28 Californians and Millions of Birds Killed by West Nile Virus

Revelation 6:7,8 NCV When the Lamb opened the fourth seal, I heard the voice of the fourth living creature say, "Come!"8 I looked, and there before me was a pale horse. Its rider was named death, and Hades was following close behind him. They were given power over a fourth of the earth to kill people by war, by starvation, by disease, and by the wild animals of the earth.

A study, released Monday in the Proceedings of the National Academy of Sciences has found that the West Nile virus is annihilating the native bird population in the United States. The study looked at the impact of the virus on 49 species from information collected at over 500 bird banding stations across the U.S. from 1992 to 2007.
UCLA’s Ryan Harrigan and his colleagues found significant declines in survival rates associated with West Nile virus for 23 out of 49 of the species examined.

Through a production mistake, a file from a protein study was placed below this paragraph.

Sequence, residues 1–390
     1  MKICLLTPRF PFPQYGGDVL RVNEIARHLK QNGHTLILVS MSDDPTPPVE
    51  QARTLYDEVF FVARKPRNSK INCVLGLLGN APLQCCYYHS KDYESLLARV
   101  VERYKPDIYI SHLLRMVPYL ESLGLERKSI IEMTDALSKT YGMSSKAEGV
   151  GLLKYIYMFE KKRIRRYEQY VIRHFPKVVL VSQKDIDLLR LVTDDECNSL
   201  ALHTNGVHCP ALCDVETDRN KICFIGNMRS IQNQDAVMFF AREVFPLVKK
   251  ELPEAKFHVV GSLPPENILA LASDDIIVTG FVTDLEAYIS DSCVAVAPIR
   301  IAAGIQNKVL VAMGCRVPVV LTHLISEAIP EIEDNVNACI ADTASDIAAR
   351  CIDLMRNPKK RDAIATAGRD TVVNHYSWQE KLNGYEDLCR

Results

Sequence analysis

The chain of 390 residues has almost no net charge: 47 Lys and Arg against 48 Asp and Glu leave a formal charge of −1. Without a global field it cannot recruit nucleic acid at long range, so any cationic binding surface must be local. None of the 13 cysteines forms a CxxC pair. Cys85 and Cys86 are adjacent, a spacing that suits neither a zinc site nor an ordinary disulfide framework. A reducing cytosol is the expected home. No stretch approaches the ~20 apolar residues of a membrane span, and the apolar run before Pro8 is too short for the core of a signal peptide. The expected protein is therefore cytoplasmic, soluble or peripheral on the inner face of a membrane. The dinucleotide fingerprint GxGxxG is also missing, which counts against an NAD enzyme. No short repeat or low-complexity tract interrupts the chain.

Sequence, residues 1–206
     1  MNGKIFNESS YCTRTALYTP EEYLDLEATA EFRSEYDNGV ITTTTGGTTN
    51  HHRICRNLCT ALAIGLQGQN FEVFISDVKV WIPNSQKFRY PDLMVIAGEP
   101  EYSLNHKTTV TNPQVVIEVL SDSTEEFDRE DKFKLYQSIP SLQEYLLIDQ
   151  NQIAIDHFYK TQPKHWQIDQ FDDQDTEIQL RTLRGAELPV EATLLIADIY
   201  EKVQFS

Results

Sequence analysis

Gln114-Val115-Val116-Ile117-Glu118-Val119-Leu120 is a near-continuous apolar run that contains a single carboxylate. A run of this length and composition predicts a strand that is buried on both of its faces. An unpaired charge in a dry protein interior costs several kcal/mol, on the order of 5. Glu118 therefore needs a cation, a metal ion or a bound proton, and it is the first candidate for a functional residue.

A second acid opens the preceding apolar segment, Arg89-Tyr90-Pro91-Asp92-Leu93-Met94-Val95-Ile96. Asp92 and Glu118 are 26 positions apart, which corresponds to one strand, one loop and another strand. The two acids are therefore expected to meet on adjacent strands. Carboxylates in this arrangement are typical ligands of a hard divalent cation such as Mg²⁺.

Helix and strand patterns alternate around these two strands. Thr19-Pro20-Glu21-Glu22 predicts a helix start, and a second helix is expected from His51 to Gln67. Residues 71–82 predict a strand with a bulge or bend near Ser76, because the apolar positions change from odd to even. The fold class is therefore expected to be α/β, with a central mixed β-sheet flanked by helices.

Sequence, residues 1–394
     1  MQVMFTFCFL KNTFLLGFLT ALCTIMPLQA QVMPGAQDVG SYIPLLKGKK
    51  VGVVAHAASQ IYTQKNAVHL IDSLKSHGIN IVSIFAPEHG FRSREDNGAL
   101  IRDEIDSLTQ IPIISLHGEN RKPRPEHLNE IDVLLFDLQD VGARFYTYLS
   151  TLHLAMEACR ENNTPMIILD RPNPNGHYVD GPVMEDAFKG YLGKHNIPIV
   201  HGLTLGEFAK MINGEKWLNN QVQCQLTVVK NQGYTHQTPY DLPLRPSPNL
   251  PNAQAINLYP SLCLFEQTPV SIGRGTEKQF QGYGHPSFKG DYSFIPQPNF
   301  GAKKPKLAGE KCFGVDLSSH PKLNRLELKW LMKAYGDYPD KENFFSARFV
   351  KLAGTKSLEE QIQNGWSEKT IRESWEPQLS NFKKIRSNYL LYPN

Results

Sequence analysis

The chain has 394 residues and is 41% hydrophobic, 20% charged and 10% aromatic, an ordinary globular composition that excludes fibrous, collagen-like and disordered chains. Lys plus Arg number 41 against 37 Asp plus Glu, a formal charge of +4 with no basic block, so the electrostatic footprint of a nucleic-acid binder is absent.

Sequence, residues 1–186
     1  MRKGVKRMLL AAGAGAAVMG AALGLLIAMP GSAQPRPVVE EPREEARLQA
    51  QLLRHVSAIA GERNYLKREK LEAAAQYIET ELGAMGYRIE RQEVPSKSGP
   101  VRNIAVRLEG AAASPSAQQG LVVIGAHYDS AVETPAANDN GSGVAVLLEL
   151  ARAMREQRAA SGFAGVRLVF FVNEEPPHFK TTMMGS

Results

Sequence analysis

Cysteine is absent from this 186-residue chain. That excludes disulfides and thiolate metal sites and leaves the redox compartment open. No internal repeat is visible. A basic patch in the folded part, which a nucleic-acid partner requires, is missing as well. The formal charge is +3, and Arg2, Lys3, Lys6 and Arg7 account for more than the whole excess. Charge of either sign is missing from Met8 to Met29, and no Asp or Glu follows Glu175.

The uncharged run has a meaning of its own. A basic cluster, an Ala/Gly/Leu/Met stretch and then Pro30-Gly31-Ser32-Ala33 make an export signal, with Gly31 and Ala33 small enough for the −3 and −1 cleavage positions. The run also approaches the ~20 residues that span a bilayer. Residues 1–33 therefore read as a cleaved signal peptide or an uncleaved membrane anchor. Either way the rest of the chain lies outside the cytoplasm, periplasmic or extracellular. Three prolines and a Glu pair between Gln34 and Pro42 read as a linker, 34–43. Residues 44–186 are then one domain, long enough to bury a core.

Millions of birds can die in a single year when West Nile hits species with large populations. Among the estimated 130 million red-eyed vireos in the United States, researchers believe the virus killed 29 percent, or more than 37 million.

West Nile, a mosquito-borne virus, was introduced in North America in 1989. It has drawn the most attention for its impact on humans, with 1 in 5 people who are infected developing a fever with other symptoms, according to the Center for Disease Control and Prevention. In rare cases, people develop a serious, sometimes fatal, neurologic illness.

According to the CDC, West Nile Virus which originated in birds, then spread to mammals and then humans killed 85 people last year with 2,122 cases reported. So far, 63 deaths have been reported, 28 in California alone, with 1,197 cases reported in the United States. The first deaths from West Nile Virus were reported in 1999.

The most deaths were reported in 2012 with 5674 cases reported and 286 deaths.

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